The Cyclades

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Where does one start in attempting to explore the Cyclades? Scattered in the heart of the Aegean, the Cyclades offer any kind of holiday you might dream up from contemporary, swinging resort life to quests for clues to the distant past or more recent traditional life styles. Antiquities, medieval monuments, monasteries and churches, quaint ports and charming hamlets fashioned in the distinctive architecture of the region, plus the unmatched scenery and a plethora of fantastic beaches - all warmed by the Aegean sun - can be found on virtually every one of these islands. Each island has its own special cherm, but if for some reason it doesn't appeal to you , then nothing could be easier than hopping on to the next one.

These islands are served by three mainland ports. While most of the boats leave from Piraeus, Rafina is gradually assuming more importance for the more northerly islands, while ferries to Tzia (Kea) are based at Lavrion.

Kea, the closest of the Cyclades, doesn't figure in any tour operator's brochures, but that doesn't mean it doesn't have lovely beaches, arresting scenery and sufficient amenities to make your stay more agreeable. There are taverns, cafes and other entertainments in Korissia (Livadi), the port, and the Hora, typically perched well away from the sea.

The island has several ancient and prehistoric sites, the Monastery of the Virgin of Kastrini on the northeast tip of the island, and a selection of splendid beaches on the west coast.

The other western Cyclades form almost a straight line southward: quiet Kythnos, with its churches, its hot springs, and its windmills; gracious Sifnos, with its lovely villages and exemplary architecture; tiny Kimolos, its houses encircling the medieval castle; Milos, just next door, where the "Venus" came from, with unusual rock formations, early Christian catacombs and very little tourism.

Southeast of Milos lies the row of Southern Cyclades: First, Folegandros with its exquisite Hora and castle; then Sikinos, with its own beautiful capital, one of the most characteristic of these smaller islands; and Ios, the favourite of the younger generation for many years now, with its splendid beaches and easy-going ways.

Next comes Santorini, growing more popular every year, and with reason: there's nowhere on earth like it. Its architecture is the quintessence of Cycladic form; its scenery breath - taking; its archaeological interest, since the discovery of the Minoan palace-city of Akrotiri, intensifying as the excavations continue; its restaurants excellent and its nightlife vivacious. Fira, the capital, and Ia the delightful village opposite, are both built along the rim of the steep cliff that was left when the rst of the island slid into the sea as the volcano erupted. You can see the smoking crater and the islets in the indigo water below that were formed after other, more recent upheavals. Santorini is blessed with 12 more traditional hamlets, the site of ancient Thera, and a number of pleasant beaches.

In the distance isolated Anafi looms on the horizon, forming another link in the Cyclades chain. The eastern Cyclades start with Andros, separated from Euboea by the Cabo Doro, famous for its winds. Though Gavrion is its main port, most visitors prefer to stay in Batsi, which has more facilities for tourists, or the Hora, which has lost little of its early 20th century atmosphere.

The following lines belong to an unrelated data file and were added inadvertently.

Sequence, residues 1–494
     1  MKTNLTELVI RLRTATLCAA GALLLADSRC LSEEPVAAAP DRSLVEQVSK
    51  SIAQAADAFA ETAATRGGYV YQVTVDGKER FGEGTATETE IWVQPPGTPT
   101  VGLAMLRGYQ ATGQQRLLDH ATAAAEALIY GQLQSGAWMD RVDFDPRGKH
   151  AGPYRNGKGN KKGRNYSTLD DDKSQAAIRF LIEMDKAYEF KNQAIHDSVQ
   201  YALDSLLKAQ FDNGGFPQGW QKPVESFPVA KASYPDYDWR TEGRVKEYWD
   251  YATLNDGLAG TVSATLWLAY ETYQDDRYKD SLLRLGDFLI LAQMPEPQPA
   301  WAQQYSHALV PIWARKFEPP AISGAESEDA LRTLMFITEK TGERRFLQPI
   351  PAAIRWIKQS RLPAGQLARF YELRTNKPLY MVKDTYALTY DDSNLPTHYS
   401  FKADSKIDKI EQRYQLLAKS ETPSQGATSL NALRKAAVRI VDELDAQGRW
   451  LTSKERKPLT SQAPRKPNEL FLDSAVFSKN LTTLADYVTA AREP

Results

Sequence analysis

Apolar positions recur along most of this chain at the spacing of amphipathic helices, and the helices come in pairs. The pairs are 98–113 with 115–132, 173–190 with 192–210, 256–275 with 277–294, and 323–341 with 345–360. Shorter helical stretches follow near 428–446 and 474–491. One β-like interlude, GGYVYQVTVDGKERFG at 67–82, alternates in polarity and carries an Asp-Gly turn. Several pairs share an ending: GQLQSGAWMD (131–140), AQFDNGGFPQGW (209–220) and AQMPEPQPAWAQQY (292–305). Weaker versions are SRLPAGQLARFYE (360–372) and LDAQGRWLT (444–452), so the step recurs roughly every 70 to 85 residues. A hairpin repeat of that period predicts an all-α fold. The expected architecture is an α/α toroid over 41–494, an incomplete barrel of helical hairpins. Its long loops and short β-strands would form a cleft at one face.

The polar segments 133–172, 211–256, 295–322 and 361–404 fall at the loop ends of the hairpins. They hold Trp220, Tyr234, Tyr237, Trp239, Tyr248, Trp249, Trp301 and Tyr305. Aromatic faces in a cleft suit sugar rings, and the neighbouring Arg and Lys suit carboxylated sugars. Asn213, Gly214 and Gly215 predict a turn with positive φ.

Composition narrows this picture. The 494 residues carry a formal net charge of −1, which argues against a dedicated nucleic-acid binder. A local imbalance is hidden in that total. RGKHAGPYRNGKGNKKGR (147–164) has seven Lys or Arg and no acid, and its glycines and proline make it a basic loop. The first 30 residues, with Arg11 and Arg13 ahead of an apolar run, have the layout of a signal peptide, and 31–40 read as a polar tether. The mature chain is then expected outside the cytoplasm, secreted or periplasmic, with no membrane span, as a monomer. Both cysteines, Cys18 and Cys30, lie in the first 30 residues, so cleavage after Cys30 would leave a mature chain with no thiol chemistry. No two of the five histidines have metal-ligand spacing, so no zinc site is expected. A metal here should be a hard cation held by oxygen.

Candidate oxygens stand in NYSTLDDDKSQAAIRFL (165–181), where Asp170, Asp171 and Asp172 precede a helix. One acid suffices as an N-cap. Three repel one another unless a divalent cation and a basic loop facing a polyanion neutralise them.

Right next Andros is Tinos, the Virgin's island, whose church in the capital and main port is centre for pilgrims seeking cures and the scene of a great religious festival on 15th of August. If you head into hinterland, you'll find a very different atmosphere - of green mountains and unspoilt villages.

West of Tinos, Syros was once a major mercantile centre, and the stately 19th century buildings in the port, Ermoupolis is still lively and bustling today. Don't miss a walk through Ano Syros, the upper town founded by the Venetians, or a trip round the island to its charming seaside village and beaches at Galissas and Dellagratzia (Posidonia).

Nesxt in line, Mykonos, the most famous of the Cyclades, needs introduction. Its charms are legendary. Here is an example of how an enormous amount of tourist development and cosmopolitan lifestyles canco-exist with a traditional architectural heritage. Of course, no visit to Mykonos would be complete without a trip by caique to Delos, one of the most important ancient sites in the land. The silence of this sacred isle contrasts vividly with the excitement across the straits.

Some distance south of Mykonos lies Naxos, the largest of the Cyclades. With its fertile agricultural interior dotted with charming villages, and its coasts rimmed with beaches, Naxos is a fine choice for a holiday. Its port - capital retained the atmosphere of a medieval walled town, with a castle, convents (one housing the Archaeological Museum) and Venetian escutcheons. The island does not lack for antiquities either, the huge gate at the two most famous.

West of Naxos, Paros is one of the most popular of the Cyclades. Whether you're drawn by its history and architecture - Parikia's Church of the Hundred Doors is the oldest in the islands, its wonderful beaches, some of which are ideal for windsurfing, or its restaurants and nightlife, you're bound to find what you're looking for here. If you're in the mood for a tiny island, then venture south of Naxos to the lesser Cyclades - Herakli, Schinousa, Ano and Kato Koufonisi, and Donousa, to the east, where there's little to do but swim and sun yourself. Amorgos, further east, completes the circle. This craggy, wind-swept is -land boasts the ruins of three ancient cities and the prettiest monastery in the group, the Hozoviotissa. 


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